Unlike the Squeezebox players, none of the Sonos devices come with a control panel, save barely adequate mute and volume control buttons. There is an optional remote control with a touch screen that pretty much behaves like a bulky but [granted] very responsive PDA. Luckily there is also an app for iPhone/iPod/iPad and Android, and a desktop application for Windows and Mac [none yet for Linux, though]. As with everything else, these controller apps are extremely simple to use and share a common UI. Install it… Connect to the Sonos system… Play music… Unfortunately the simplistic approach also opens up a few ensuing flaws: It will recognise [a very limited selection of] uPnP servers but not allow them to be named. If there are more servers, you cannot remove those you don’t want. This may sound slightly nitpicking but is in fact rather annoying, since using a uPnP server is the only way to get around one of the system’s 2 foremost restrictions, namely that of a max of 65,000 tracks in the music library (a mere 5,000 discs) and missing support for multiple genre tags! And this is where Sonos becomes a pain to live with. There is absolutely no way we can shoehorn our music library into single categories. If you don’t listen to classical or folk or rock or blues or dance or whatever, one genre category might be enough for said “genres”, since not listening to classical music may cause anything with a violin in it to be tagged classical. If, however, you do enjoy specific genres of music, there is no such thing as classical for instance. A piece of music then takes on such categories as romance, etude, theoboer, lute, variation etc. The same goes for rock to a rock listener. There are at least as many sub categories of rock as there are in classical. There are live recordings and studio outtakes and tributes and covers and and and… No, without multiple genres, we have a hard time using the system at all. Squeezebox not only supports practically limitless amounts, it even lets you use them in filters and queries as [hopefully] explained above.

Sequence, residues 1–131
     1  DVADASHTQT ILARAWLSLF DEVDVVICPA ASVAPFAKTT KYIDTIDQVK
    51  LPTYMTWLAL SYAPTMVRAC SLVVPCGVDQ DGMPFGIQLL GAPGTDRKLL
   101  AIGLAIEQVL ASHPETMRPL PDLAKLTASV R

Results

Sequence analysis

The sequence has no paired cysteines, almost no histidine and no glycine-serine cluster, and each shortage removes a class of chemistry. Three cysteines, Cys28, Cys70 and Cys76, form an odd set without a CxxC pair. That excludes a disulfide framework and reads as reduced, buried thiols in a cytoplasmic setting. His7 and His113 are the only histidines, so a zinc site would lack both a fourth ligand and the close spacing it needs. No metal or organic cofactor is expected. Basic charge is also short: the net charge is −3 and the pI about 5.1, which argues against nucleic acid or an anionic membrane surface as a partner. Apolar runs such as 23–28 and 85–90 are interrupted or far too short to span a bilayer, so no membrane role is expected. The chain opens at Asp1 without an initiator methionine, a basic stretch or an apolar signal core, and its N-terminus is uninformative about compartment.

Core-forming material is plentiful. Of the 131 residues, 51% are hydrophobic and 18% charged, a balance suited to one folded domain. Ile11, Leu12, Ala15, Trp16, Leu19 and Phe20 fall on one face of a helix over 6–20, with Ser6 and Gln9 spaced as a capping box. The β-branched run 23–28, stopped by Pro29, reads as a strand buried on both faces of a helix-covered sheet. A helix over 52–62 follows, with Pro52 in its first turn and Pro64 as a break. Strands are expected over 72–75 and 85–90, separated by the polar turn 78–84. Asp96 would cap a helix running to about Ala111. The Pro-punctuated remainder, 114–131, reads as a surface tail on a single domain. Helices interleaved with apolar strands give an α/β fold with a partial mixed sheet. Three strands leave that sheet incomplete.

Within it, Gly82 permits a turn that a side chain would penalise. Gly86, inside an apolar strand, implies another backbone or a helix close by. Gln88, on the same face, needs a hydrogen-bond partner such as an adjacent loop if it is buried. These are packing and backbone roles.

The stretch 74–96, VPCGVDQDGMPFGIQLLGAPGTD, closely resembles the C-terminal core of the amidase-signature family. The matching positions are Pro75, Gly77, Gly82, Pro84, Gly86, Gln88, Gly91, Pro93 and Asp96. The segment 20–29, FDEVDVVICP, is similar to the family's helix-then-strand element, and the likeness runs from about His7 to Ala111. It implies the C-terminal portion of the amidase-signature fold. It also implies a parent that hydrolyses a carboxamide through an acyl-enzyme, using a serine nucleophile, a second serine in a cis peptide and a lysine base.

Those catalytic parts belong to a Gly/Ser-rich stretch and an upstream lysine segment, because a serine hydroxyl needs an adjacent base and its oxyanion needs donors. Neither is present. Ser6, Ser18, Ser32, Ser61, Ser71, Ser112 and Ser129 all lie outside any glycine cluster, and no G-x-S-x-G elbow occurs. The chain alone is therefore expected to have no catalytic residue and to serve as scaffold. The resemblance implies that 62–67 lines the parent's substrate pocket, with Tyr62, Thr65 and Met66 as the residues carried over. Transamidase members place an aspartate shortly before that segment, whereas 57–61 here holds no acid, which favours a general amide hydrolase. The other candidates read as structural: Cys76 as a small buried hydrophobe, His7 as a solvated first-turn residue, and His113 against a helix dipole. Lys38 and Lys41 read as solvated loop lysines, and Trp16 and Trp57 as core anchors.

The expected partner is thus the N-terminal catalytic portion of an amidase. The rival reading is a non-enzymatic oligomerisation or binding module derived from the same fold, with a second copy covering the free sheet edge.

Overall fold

It is possible to stream an external source connected to a computer in Squeezebox, given a fair amount of tenacity. Sonos can do it out of the box on the Connect and Play:5. Simply connect something and choose the source in the controller app. Voila. It can even be set up to automatically switch to that external source when you connect something. This cannot be done any simpler. There’s a fly in the ointment as always, in that Sonos appear to broadcast the stream across the entire mesh indiscriminately requiring a very solid connection. Where we live there are more than 20 neighboring wireless networks making this feature effectively unusable without wired devices due to radio interference. The ability, however, to have external sources on all players and name them appropriately for all to play, is simply too good to miss and may usher me into cabling the lot however much that may defeat the purpose of the Sonos Mesh.